The Culture of Belonging
Lorne Rubis, co-founder of Belongify and April’s podcast guest, has much to say on the subject of belonging and culture. In the last blog post I explored some of his work and ideas around belonging. Now, as I continue learning about his current work around the 10 elements of extraordinary cultures, I wanted to present more of his thoughts on workplace culture.
Tell us about what led to your passion for transforming organizational cultures?
Lorne explains how based on his 40-year career, he looked back on connecting the dots on all he had learned about organizational cultures. He combined this experience with advanced social research to pinpoint the ingredients of extraordinary cultures. “What became clear is that every organization has a culture that is moving one way or another – either progressing to something better or slipping back to something less, or, at its worst, becoming toxic.”
Lorne has taken his vast wisdom to teach classes at Harvard on the ten ingredients of building a thriving culture, attended by people around the world. He built and applies, along with Debbie Blakeman of Younitive Leadership, the ten integrated cultural elements. These have become a foundation for having a conversation to bring leadership into alignment and create the conditions for advancing extraordinary cultures.
“What became clear is that every organization has a culture that is moving one way or another – either progressing to something better or slipping back to something less, or, at its worst, becoming toxic.” – Lorne Rubis
Over the course of your career, how have you see workplaces fail and succeed when it comes to creating cultures where people thrive?
Lorne Rubis describes how Boeing 737 MAX was a cultural failure. In cases like this, people become confused about their purpose, and are fearful about speaking out. When people are not empowered to do the right thing, we can have catastrophic cultural failures. Organizations that are great places to work create more value in many ways, including financial success. Lorne believes that when an organization’s Glass Door scores fall below the average of 3.2 (or are in the 2s) they are struggling culturally, and bad things can happen (e.g., the example of the crash of WeWork, a series worth watching). Organizations whose cultures are struggling will start to lose their top notch people.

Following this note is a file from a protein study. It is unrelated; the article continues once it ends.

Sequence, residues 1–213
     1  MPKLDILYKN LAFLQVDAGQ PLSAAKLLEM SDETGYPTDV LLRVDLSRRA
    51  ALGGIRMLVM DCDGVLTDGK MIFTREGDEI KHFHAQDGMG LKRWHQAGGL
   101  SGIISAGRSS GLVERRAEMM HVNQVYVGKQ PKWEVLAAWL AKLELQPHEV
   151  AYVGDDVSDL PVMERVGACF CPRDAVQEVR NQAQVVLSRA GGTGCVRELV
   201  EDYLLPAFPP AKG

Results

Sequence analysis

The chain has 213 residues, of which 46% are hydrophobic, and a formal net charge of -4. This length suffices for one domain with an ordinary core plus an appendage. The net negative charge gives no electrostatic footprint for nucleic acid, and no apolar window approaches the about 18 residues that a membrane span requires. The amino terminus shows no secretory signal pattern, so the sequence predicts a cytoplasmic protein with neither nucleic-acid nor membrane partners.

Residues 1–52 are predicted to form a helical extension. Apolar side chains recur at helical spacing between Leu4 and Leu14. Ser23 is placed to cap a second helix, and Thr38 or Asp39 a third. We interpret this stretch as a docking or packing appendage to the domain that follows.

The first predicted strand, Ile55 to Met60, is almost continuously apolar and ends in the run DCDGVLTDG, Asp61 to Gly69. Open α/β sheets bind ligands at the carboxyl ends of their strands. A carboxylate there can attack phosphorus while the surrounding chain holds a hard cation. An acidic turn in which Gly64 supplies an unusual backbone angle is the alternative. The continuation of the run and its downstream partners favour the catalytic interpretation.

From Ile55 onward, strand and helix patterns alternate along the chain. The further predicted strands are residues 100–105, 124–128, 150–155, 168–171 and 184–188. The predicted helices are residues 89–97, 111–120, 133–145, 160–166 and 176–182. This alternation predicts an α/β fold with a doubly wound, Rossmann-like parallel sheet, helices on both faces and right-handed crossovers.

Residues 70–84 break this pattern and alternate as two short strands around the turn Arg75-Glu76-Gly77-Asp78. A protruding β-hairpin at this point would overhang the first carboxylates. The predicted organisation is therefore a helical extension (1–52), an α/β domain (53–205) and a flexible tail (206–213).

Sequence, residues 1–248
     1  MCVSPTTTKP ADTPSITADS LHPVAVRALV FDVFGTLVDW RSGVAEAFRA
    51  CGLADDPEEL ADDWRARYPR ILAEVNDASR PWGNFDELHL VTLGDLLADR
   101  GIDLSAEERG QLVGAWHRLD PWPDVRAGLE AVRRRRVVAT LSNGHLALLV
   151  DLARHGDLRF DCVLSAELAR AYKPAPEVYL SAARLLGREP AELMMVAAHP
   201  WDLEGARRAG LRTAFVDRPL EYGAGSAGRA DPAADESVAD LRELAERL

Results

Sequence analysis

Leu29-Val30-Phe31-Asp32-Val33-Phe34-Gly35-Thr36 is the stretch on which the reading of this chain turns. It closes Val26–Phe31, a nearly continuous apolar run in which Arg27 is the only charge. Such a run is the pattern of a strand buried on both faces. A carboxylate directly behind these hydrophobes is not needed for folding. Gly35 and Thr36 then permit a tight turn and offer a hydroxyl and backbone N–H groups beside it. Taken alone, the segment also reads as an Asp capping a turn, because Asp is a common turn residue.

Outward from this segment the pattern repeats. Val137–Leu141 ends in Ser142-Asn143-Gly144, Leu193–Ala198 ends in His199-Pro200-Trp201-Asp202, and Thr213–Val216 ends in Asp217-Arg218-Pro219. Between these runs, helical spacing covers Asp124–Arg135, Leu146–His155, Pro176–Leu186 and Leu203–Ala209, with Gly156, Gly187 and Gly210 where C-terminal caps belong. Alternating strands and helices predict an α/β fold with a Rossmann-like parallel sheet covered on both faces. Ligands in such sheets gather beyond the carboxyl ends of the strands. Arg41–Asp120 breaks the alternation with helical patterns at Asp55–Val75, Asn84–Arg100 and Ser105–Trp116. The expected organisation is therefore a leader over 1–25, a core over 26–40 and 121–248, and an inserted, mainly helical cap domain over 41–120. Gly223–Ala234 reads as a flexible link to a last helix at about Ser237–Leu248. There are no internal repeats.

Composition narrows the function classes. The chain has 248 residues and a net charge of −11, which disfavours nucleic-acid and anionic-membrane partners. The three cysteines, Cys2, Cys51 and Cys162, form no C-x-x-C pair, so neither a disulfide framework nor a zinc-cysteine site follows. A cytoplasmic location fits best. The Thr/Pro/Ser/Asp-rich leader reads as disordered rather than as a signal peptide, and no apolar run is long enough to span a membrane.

What does “work-life wellness” look like for you personally?
I use a term called “personal equity”. In this integrated world we need to ask ourselves:
- Are we growing emotionally?
- Are we developing spiritually?
- Are we advancing experientially?
- Are we staying well physically and mentally?
- Are we thriving financially?
Lorne describes how these dimensions are all integrated. We each need to think about our personal game plan. According to Lorne, we need to: Think big, start small, and act now! Know that you won’t do it perfectly, but it’s important to start now. Personal equity means integrating and balancing the elements of your life as best as you can. If any of these is suffering, we feel off balance. We have to continue being self-aware and be intentional about each one of these areas in an integrated way.
“Think big, start small, act now! Know that you won’t do it perfectly, but it’s important to start now. Integrating and balancing the elements of your life as best as you can. If any of these is suffering, we feel off balance.“ – Lorne Rubis
What has been your greatest challenge when it comes to your own work-life wellness, and how have you worked at overcoming this challenge?
“My work and life are totally integrated. My work is my hobby and my hobby is my work. My heart rate drops 10 beats when I’m writing – I’m in my flow. My body will tell me when I’ve overplayed it. I’ve had a few wake-up calls. It’s a never-ending battle around doing it.
When I make poor decisions (i.e., working too much), it’s because my ego is driving me. I’m listening to that little ego chirping away on my shoulder saying: “you haven’t done enough; it’s not good enough” or I’m seeking recognition and doing things for the wrong reasons. That’s when I get lost.”
About Lorne Rubis:
Currently the Co-Founder of Belongify.com, Lorne Rubis is fully immersed in the world of culture and leadership, stating his life’s purpose is “all about advancing people and organizations”. Whether leading, facilitating, consulting, teaching, speaking, writing, or podcasting, Lorne utilizes 40 plus years of experience in leading personal and cultural transformation to deliver actionable insights every day. He and his wife Kathleen (his high school prom date) divide their time between residences in Alberta, British Columbia, and Washington, with an everyday mission to remotely connect with their three adult children and four grandkids who live in the U.S. and UK. They all gather whenever they can at the Rubis family vineyard in Naramata, BC.
Lorne is a published author (The Character Triangle) and was awarded the 2018 Ivey School of Business/HRD Magazine Canadian Lifetime Achievement Award for his contributions to the Human Resource community and advancing the workplace in Canada. In 2020 the HRD Magazine included Lorne in their Global 100 list of top HR Leaders. Lorne was appointed to the FortisAlberta Board of Directors in February 2019. He is a member of the Institute of Corporate Directors and an invited mentor at The Unreasonable Group. Lorne has also been recognized in the World’s Top 30 Culture Professionals for 2021 and 2022.